This article was published by on Friday, February 19, 2021:

In a quiet admission that his socialist policies have all but destroyed what once was South America’s most prosperous economy, Nicolas Maduro has begun to implement some policies to bring it back.

After winning reelection in 2007, socialist Hugo Chavez promised to complete the destruction of what was once South America’s most prosperous country: “All that was privatized, let it be nationalized.”

The process was already well underway, with the government having already nationalized the oil and gas giant PdVSA in the mid-1970s. Petróleos de Venezuela, S.A. (aka PdVSA) was the highly profitable privately owned and operated petroleum company that generated most of the government’s revenues. Rather than killing the goose that was laying its golden eggs, the Venezuelan government wanted to control it.

Four years later Chavez, dying of cancer, announced that he was changing the slogan under which he was implementing socialism — the Bolivarian Revolution — from “Motherland, socialism, or death,” to “Motherland and socialism. We will live, and we will come out victorious.”

Chavez died soon thereafter, and the policies of death and destruction were continued by his protégé Nicolas Maduro. First, however, Maduro had to remove any remaining impediments. When he lost the national election in 2015, Maduro promised to ignore the election, stating, “I will stop by hook or by crook the opposition [from] coming to power, whatever the costs, in any way.”

He succeeded in replacing the constitutional national assembly with an alternate one controlled by him. He replaced members of the supreme court with his own. And then, just to make certain of his position as supreme potentate, he declared a national emergency.

With complete control of all three branches of the government, he applied Chavez’ plans with a vengeance. He raided the remaining reserves from PdVSA to continue to expand the socialist state. When that company ran out of money, he printed more, generating runaway that virtually destroyed the country’s currency.

He applied price controls, thus assuring that providers of food, toilet paper, and other essentials could no longer operate profitably. When those businesses were forced to close, Maduro made a show of taking them over, including his personal takeover of a toilet paper company that was filmed and made the evening news.

An estimated five million citizens have fled the country creating one of the world’s most desperate refugee crises in neighboring countries.

According to Bloomberg, Maduro has now relieved his totalitarian mandates slightly, no doubt recognizing that his socialist policies had all but destroyed the country. He has begun quietly to allow some state assets to be leased to citizens. As Caracas-based journalists Fabiola Zerpa and Nicolle Yapur wrote:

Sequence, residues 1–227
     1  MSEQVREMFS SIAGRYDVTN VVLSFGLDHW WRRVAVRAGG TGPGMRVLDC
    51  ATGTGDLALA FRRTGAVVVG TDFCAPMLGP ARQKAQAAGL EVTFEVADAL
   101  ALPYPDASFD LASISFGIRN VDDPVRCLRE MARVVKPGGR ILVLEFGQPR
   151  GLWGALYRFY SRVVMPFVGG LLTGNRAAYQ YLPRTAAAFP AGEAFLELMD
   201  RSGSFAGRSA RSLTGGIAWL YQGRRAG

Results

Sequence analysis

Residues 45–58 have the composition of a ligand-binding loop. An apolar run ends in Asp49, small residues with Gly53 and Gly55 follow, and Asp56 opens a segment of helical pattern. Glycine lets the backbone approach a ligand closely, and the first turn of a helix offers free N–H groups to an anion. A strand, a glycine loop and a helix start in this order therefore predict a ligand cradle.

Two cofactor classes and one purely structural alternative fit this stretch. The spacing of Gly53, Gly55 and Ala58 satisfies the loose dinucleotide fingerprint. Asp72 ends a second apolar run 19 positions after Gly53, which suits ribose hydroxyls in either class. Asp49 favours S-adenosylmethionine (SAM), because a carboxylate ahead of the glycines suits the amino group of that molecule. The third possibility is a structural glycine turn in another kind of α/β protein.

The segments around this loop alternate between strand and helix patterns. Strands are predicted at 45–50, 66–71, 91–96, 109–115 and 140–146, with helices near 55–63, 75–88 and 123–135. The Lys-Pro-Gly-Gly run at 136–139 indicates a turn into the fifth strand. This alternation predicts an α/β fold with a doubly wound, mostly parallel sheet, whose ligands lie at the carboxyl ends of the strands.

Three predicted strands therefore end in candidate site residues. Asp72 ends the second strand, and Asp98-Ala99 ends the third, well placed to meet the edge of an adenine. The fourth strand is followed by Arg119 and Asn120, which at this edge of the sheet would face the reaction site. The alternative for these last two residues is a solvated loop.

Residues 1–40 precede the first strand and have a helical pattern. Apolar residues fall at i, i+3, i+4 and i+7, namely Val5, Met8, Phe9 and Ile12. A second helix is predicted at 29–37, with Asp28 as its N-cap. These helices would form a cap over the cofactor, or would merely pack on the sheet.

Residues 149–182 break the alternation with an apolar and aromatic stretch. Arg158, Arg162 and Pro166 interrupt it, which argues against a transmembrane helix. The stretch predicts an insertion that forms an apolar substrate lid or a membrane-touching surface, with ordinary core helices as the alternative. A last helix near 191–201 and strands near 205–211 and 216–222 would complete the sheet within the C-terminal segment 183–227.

Saddled with hundreds of failed state companies in an economy barreling over a cliff, the Venezuelan government is abandoning socialist doctrine by offloading key enterprises to investors, offering profit in exchange for a share of revenue or products.

To be clear Maduro is not “abandoning” socialist doctrine, but applying a slightly less onerous form of it, called economic fascism. It’s a façade that tricks citizens into thinking they own a business when, in fact, the government controls it. Maduro is relieving the pressure only slightly and very selectively, allowing citizens to operate coffee processors, grain silos, and hotels that were previously confiscated and run into the ground by government bureaucrats.

As Jon Miltimore noted at FEE, the “arrangements” include a 10-year limit to the “lease,” and an agreement that works more like a government concession than a transfer of of ownership. The citizen runs the business, and the government takes a large piece of the profits. As Ramon Lobo, one of Maduro’s socialist economists put it: “The state acts like a supervisor and receives compensation.”

Most of the socialist/fascist controls remain in place: price controls on food; minimum-wage hikes; currency manipulation through reissuance of new currency to replace the old worthless one; and so on.

The new policy won’t do anything more than allow small parts of Venezuela’s once-thriving economy to recover slightly. Unless and until the once- capital is given back to its rightful owners, Venezuela’s economy will remain dormant. And Maduro will remain firmly in place through fear.



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